Mount Vernon was the legacy of one great man. Preserving it was the work of many great women.
The Mount Vernon estate had been in George Washington’s family since 1674. Our first President grew up there, and managed the classic Federal-style house and large surrounding farm after inheriting it in the mid-1750s. He toiled hard and much improved both the home and the estate.
After Washington’s death in 1799, though, the property started to go downhill. His descendants didn’t have his management skills, endurance, or success. By 1853 they had given up on the place.
Some outsiders were unwilling to see Mount Vernon go to wrack and ruin. Ann Cunningham, a South Carolinian who had grown up on a plantation herself, was shocked and saddened when she saw the state of Mount Vernon during a family sail up the Potomac River. If America’s men could not keep this founder’s home in repair, she thought, perhaps the women of his country could succeed.
Cunningham sent a letter to a Charleston newspaper in 1853, appealing to the women of the South to save the estate. In 1854 she founded the Mount Vernon Ladies’ Association. By 1858, despite tensions along the Potomac just prior to the Civil War, she had raised enough money to try to buy the house. John Washington (the President’s great-grandnephew) refused. Undeterred, Cunningham met with his wife, and promptly completed a sale for $200,000. Thousands of Americans donated to fund the purchase price, and the association took possession of the nearly empty home in February 1860.
Resisting suggestions to turn the estate into a memorial park, Cunningham wanted to restore and preserve it as it had been in Washington’s day (an unusual idea at the time). With an impressive campaign of fundraising and publicity, the ladies’ association was able to raise large sums of money, jumpstarting America’s historic preservation movement. Over time, as restoration techniques have improved and the collection of furniture and décor has grown, the Mount Vernon Ladies’ Association has been able to very closely re-create the house’s appearance in 1799, the year Washington died.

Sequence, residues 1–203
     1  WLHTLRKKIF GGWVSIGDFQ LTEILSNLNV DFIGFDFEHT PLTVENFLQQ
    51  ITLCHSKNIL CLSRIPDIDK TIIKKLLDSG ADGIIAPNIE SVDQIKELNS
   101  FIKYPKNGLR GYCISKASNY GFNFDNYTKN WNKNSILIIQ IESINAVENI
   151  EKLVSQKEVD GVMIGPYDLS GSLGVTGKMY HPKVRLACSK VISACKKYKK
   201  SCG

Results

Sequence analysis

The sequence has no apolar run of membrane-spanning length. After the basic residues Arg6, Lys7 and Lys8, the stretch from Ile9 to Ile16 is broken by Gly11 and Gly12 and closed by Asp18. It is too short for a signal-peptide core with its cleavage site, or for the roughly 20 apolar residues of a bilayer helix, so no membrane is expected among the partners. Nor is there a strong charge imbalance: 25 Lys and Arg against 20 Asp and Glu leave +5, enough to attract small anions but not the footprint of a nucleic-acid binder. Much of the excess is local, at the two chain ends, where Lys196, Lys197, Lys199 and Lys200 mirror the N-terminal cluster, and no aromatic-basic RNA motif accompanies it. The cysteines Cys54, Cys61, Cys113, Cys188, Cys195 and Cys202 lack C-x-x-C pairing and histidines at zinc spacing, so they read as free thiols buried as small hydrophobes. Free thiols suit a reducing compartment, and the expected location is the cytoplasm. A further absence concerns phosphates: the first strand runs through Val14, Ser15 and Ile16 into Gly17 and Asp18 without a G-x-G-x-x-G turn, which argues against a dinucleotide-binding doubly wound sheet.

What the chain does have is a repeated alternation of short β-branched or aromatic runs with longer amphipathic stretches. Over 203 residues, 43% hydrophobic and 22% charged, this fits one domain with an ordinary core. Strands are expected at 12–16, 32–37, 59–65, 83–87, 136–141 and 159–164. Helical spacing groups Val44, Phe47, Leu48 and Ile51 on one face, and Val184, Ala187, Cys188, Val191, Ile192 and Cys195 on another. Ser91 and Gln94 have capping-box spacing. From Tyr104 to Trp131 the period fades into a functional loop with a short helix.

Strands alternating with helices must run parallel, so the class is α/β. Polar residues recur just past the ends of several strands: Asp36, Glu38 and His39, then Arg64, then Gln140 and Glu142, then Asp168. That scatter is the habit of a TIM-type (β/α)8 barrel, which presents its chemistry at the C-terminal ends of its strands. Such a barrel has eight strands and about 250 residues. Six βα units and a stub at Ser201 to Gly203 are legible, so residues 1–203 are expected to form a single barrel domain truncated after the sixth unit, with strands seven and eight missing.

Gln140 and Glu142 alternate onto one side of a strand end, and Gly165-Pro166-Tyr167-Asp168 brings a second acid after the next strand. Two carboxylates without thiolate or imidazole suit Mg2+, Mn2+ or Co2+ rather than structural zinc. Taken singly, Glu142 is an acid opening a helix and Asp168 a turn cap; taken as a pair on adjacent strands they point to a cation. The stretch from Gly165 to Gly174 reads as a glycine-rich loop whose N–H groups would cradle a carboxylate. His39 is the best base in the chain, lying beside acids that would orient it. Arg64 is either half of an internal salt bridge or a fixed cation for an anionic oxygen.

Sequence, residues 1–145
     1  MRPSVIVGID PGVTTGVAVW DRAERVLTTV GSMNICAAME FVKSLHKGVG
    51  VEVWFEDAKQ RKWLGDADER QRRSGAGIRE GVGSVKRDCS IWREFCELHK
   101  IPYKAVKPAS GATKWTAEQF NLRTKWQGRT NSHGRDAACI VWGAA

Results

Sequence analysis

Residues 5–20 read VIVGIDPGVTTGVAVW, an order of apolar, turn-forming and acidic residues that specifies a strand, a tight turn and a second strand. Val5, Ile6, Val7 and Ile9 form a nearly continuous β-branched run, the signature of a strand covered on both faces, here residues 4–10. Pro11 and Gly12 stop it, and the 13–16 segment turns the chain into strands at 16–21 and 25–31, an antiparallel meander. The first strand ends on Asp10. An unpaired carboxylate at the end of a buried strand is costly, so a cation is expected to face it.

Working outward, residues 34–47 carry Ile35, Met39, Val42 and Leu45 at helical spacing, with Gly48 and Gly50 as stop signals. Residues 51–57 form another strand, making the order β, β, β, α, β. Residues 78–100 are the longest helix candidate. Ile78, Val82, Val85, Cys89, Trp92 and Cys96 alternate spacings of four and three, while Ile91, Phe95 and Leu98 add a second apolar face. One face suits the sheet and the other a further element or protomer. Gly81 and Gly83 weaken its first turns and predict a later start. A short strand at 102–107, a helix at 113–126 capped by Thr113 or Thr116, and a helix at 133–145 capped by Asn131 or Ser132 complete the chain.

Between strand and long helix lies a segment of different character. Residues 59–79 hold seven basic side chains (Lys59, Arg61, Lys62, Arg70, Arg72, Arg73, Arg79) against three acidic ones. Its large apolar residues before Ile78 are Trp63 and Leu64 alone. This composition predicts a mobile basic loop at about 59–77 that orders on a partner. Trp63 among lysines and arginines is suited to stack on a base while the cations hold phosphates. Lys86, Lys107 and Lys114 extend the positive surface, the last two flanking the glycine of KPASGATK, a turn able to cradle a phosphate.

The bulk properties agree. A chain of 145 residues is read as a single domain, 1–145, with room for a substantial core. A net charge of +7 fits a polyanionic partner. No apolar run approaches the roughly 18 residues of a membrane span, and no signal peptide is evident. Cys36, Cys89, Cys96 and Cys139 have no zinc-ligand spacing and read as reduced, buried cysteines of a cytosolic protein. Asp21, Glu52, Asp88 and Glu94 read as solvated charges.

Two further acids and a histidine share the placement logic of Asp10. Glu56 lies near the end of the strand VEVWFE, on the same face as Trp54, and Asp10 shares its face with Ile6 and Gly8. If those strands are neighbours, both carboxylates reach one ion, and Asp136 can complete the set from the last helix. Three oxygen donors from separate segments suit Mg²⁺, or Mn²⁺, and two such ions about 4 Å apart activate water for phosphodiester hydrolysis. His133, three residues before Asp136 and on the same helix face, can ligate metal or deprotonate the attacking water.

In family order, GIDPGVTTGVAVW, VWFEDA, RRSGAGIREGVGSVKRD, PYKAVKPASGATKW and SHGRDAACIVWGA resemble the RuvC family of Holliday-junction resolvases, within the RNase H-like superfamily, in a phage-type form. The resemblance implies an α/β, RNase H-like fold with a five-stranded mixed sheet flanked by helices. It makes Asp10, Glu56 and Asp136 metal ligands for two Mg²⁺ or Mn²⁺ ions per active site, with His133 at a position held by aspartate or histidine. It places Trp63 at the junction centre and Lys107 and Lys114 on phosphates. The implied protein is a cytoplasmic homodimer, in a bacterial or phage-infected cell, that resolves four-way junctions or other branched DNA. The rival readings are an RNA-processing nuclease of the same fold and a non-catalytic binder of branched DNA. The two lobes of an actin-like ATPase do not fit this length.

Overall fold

Today, the association remains a case study in effective grassroots conservation. It still manages the estate, as a 501(c)(3) nonprofit governed by a board of regents (all women) from almost 30 states, without any funds from federal, state, or local governments. It employs 500 staff and 400 volunteers, raises and manages an annual budget of $45 million, and has domain over approximately 500 of the original 8,000 acres of the plantation. Mount Vernon is the most popular historic estate in the country, hosting an average of one million guests per year—and over 80 million since it was opened to the public.
In 2012, a new National Library for the Study of George Washington opened on the Mount Vernon grounds, funded by private donors including the Donald W. Reynolds Foundation—which has committed $69 million in recent years for projects at Mount Vernon, including a museum and education center in addition to the new library.
- Mount Vernon, mountvernon.org
- National Building Museum exhibit in 2003,, nbm.org/exhibitions-collections/exhibitions/mount-vernon.html?referrer=https://www.google.com/
- Ann Pamela Cunningham biography (National Women’s History Museum), nwhm.org/education-resources/biography/biographies/ann-pamela-cunningham